Many college students tend to want to spend their spring breaks going to the beach and partying or at the very minimum going home to visit family and not think about school work for a few days. Last year though I broke the norm by spending my spring break in a college class. Not any normal class though, at Warnell they offer spring break prescribed fire courses. In this class I got to earn my red card, which certifies me as a wild land firefighter type II, as well as spend the entire week in an in depth hands on fire course. During this course we talked about the benefits of prescribed fire in our ecosystems. As well as see it first hand in practice at the Savannah River site where UGA does experiments to get a better understanding of fire’s role in our forests and how to better manage them for greater species diversity. We walked through different forest during the week looking at the after effects of fire on the forest, which when done properly is a beautiful thing. You could see how the fire adapted species were thriving in forests that have been burned on 2-3 year cycles for years now. The best part of the course was that we got to actually assist professional fire fighters in the process of prescribed burns. We got to use drip torches, fire rakes, shovels, and even huge fire trucks built for wildfires!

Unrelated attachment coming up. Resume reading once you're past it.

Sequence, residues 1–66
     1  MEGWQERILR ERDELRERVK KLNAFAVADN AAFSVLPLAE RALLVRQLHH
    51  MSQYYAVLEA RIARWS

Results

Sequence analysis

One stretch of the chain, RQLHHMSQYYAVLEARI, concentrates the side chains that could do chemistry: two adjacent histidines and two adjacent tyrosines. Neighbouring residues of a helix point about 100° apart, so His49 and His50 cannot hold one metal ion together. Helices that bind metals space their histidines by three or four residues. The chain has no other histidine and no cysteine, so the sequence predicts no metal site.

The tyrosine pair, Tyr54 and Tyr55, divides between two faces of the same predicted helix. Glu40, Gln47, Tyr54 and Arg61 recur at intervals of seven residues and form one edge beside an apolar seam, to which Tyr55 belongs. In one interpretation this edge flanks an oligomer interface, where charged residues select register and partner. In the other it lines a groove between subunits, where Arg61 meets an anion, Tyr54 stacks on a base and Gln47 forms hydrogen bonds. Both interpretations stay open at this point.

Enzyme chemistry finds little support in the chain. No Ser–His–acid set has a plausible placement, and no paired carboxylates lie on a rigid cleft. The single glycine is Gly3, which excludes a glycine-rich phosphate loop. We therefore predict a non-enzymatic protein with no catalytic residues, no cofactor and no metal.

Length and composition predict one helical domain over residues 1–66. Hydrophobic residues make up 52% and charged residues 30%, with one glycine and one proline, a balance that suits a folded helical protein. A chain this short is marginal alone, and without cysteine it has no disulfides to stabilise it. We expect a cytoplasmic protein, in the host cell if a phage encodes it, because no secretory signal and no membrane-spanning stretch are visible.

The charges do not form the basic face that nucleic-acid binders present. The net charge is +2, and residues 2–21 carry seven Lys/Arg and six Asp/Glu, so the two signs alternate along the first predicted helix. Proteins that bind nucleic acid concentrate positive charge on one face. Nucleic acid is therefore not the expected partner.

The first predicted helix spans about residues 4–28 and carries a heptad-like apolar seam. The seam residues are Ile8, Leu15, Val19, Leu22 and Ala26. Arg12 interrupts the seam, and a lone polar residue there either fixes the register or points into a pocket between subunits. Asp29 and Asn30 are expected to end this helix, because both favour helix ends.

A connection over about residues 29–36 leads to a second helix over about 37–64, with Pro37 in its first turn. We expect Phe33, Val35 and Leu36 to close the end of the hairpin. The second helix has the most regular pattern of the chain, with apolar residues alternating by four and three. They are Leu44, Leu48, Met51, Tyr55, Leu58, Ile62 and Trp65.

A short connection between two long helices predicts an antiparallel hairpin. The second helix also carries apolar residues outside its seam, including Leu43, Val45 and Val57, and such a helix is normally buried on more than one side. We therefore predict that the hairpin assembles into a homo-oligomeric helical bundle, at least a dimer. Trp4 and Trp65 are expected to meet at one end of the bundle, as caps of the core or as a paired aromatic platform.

Probably one of my favorite experiences from the week was getting to set a stand of trees on fire that hadn’t been burned for 10-12 years and was thick with underbrush and needed a burn badly. It was a mess but due to the perfect conditions of the weather that day we got to burn it. Watching the stand go from a choked up mess of vines and hardwood sprouts up under a bunch of pines, to being a cleared out neat pine stand in a matter of hours was awesome. The professors were also a great help in explaining how the ecosystem such as long leaf pine and wire grass were all fire dependent and that without fire these species would be out competed Not only that but the fire which was once a norm in Georgia and the coastal plain ecosystem was also restoring critical habitat for endangered species such as the Red-Cockaded Woodpecker and Gopher Tortoise. The best part was all of this fun hands on experience counted as credit towards our degree similar to many Warnell classes. Not only that but it gave us hands on experience for future jobs by getting us firefighter type II certified. It was honestly one of my favorite breaks I’ve ever had and definitely my favorite class at Warnell.